It depends on the courses you’ve taken and the program you plan to complete at Emmaus. The best way for us to determine transfer of credits is to take a look at your transcript(s). Contact the Office of Admissions to learn more about this process.
Yes, with few exceptions. Students who are married or who have family living near the college may stay off-campus.
Included in the acceptance packet (sent to students who are accepted for admission) is a Housing Preference form. Our Student Development team assigns first year students to dorm floors based on the preferences listed on this form. Dorm floors are not segregated by class, so first year students are on floors with sophomores, juniors, and seniors, as well as other freshmen.
It depends on where you live. There is one floor of suite style rooms for men in Smith Hall; 2-4 men share a suite. All of our dorms in the main building are single occupancy rooms.
Yes, each room is Internet ready with broadband service, and each dorm hall is set up with its own wireless router. (See our student housing section for a thorough description and what to bring.)
The rules that Emmaus has established are in order to establish and maintain Christian values. For a full list of rules, check out our Student Handbook.
Students are to be on the residence hall floors from midnight to 6:00am Sunday-Thursday and from 1:00am-6:00am on Friday and Saturday. Permission from the Resident Assistant or Resident Director is necessary to be at other places in the building or off campus after curfew.
You may bring a pet fish to college; other pets are not allowed in the dorms.
For resident students, meals are included in the cost of Room & Board. Each resident student can have three meals a day, seven days a week, when school is in session.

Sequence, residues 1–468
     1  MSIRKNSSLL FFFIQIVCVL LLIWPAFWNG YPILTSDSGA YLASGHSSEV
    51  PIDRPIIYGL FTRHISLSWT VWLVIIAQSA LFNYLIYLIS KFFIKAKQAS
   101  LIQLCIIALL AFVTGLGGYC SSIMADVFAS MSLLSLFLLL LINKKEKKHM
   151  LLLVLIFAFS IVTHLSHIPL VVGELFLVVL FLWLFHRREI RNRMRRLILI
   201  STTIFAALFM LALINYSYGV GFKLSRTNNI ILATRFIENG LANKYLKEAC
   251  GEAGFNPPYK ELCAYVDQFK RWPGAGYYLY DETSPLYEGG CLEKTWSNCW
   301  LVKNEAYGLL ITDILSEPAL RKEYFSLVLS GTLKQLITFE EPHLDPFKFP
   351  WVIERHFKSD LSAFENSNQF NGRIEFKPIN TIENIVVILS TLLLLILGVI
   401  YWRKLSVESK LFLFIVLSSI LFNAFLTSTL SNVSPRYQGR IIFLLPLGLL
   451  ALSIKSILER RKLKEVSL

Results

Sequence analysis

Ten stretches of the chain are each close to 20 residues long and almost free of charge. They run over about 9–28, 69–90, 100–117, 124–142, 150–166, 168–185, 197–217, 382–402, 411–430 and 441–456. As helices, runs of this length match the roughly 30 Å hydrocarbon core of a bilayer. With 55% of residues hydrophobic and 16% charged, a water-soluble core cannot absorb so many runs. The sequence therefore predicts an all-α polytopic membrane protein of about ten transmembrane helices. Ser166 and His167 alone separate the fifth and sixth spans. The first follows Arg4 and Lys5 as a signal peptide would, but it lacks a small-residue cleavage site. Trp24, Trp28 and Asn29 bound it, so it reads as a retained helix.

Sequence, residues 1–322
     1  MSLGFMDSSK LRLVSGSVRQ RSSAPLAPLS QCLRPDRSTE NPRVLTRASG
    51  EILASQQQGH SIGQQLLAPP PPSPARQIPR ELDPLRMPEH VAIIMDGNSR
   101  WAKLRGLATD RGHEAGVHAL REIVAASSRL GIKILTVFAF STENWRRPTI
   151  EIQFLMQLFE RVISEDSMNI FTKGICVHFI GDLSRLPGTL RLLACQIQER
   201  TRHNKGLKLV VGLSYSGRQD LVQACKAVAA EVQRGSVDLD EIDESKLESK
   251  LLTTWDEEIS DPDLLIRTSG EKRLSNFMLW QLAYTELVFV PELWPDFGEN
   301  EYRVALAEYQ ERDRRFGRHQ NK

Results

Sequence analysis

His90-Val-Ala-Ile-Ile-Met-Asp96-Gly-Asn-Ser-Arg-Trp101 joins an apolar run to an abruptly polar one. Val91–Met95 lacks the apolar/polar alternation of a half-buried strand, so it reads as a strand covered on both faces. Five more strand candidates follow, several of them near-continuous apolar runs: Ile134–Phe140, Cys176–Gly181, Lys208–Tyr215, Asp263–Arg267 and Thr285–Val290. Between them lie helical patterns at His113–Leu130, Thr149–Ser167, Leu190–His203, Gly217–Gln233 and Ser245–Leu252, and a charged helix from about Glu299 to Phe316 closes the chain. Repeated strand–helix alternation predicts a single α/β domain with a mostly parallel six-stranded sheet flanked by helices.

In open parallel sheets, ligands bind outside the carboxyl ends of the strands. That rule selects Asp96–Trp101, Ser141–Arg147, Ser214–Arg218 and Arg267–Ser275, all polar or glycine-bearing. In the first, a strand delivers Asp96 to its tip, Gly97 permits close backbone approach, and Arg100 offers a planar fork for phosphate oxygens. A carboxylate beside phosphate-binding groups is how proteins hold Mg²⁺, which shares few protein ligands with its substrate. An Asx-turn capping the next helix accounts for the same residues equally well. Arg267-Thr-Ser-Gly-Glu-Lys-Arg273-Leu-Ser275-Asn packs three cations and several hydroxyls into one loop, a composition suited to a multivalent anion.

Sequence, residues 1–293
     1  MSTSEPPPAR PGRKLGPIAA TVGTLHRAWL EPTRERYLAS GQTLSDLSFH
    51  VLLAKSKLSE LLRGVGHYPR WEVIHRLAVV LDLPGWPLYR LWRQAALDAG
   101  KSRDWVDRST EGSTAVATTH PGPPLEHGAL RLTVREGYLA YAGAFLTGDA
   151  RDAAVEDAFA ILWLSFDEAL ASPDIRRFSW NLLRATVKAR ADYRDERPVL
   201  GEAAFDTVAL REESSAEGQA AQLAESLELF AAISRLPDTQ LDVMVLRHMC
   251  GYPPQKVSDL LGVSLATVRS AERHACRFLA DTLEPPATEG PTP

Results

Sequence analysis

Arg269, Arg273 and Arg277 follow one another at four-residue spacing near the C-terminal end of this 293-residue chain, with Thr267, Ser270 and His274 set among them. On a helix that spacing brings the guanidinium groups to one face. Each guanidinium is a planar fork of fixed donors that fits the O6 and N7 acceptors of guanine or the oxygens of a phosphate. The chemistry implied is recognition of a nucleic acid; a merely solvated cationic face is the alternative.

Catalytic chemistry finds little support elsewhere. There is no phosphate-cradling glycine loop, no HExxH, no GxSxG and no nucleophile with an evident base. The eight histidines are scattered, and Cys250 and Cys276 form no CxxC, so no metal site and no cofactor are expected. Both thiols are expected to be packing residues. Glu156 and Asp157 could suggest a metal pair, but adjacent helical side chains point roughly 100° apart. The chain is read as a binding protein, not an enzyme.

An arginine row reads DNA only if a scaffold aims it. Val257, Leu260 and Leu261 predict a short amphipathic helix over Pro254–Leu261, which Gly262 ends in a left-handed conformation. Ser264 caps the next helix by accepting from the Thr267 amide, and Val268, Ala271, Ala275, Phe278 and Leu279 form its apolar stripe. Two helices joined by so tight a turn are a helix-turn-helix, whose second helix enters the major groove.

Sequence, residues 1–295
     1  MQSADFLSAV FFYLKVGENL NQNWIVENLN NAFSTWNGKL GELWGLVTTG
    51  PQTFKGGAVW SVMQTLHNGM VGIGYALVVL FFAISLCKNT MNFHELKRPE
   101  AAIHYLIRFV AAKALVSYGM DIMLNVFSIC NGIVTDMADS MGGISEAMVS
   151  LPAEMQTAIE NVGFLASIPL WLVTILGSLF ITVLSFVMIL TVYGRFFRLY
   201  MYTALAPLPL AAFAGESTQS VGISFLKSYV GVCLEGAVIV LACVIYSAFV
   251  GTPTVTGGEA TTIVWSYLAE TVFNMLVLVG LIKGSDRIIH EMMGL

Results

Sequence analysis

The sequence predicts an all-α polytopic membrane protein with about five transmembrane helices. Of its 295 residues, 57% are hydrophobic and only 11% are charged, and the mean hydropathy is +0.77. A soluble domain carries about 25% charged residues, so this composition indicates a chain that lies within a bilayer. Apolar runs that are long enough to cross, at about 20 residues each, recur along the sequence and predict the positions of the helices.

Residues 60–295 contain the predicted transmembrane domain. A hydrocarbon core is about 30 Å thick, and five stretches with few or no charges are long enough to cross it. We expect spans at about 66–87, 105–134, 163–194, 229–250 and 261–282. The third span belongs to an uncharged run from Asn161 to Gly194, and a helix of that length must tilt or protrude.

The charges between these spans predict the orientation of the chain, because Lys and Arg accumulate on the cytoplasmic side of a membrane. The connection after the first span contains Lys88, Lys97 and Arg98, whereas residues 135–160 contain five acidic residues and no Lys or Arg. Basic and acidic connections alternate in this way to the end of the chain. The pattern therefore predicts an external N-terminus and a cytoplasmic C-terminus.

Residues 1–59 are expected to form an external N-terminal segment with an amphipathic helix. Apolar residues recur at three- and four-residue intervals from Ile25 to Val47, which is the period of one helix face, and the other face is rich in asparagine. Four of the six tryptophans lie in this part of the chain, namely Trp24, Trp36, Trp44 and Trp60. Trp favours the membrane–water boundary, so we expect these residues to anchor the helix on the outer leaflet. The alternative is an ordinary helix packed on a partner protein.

Non-resident students may purchase meal tickets or deposit money in their student account for meals. Breakfast is $4.50, and lunch and dinner are $6.00 each.
For resident students, use of the campus’ washers and dryers is included in Room & Board. Students may use the campus laundry facilities 6 AM to curfew each day. Students must provide their own laundry detergent.
Within a few days of moving in, our Career Services Department hosts a Job Fair. During this evening event, employers from the city will be on our campus with information and applications for part-time job openings. Applications for part-time work at the College for different departments will also be available at this time.
All of our first year students begin with a year of Bible and general education courses, working toward the Bible Certificate. Click here to see the requirements for the Bible Certificate program.
SPIRITUAL EMPHASIS WEEK/CHRISTIAN MINISTRIES SEMINARS: Special weeks are set aside in each semester for spiritual refreshment and challenge relating to home and overseas service.
STUDENT GOVERNMENT: Students are elected by the student body to fill the offices of president, vice-president, treasurer, and secretary of the College's Student Government. The students of the first-year class choose class representatives. The Dean for Student Affairs serves as the advisor to the Student Government.
EMMAUS ELEMENTARY EDUCATION FELLOWSHIP (EEE:) Elementary Education majors and other interested students meet monthly for fellowship, professional development, and prayer.
COUNSELING PSYCHOLOGY STUDENT COUNCIL: A small group of Counseling Psychology students meet throughout the school year as representatives of fellow Counseling Psychology students for the purpose of planning, academic development, fellowship, and prayer.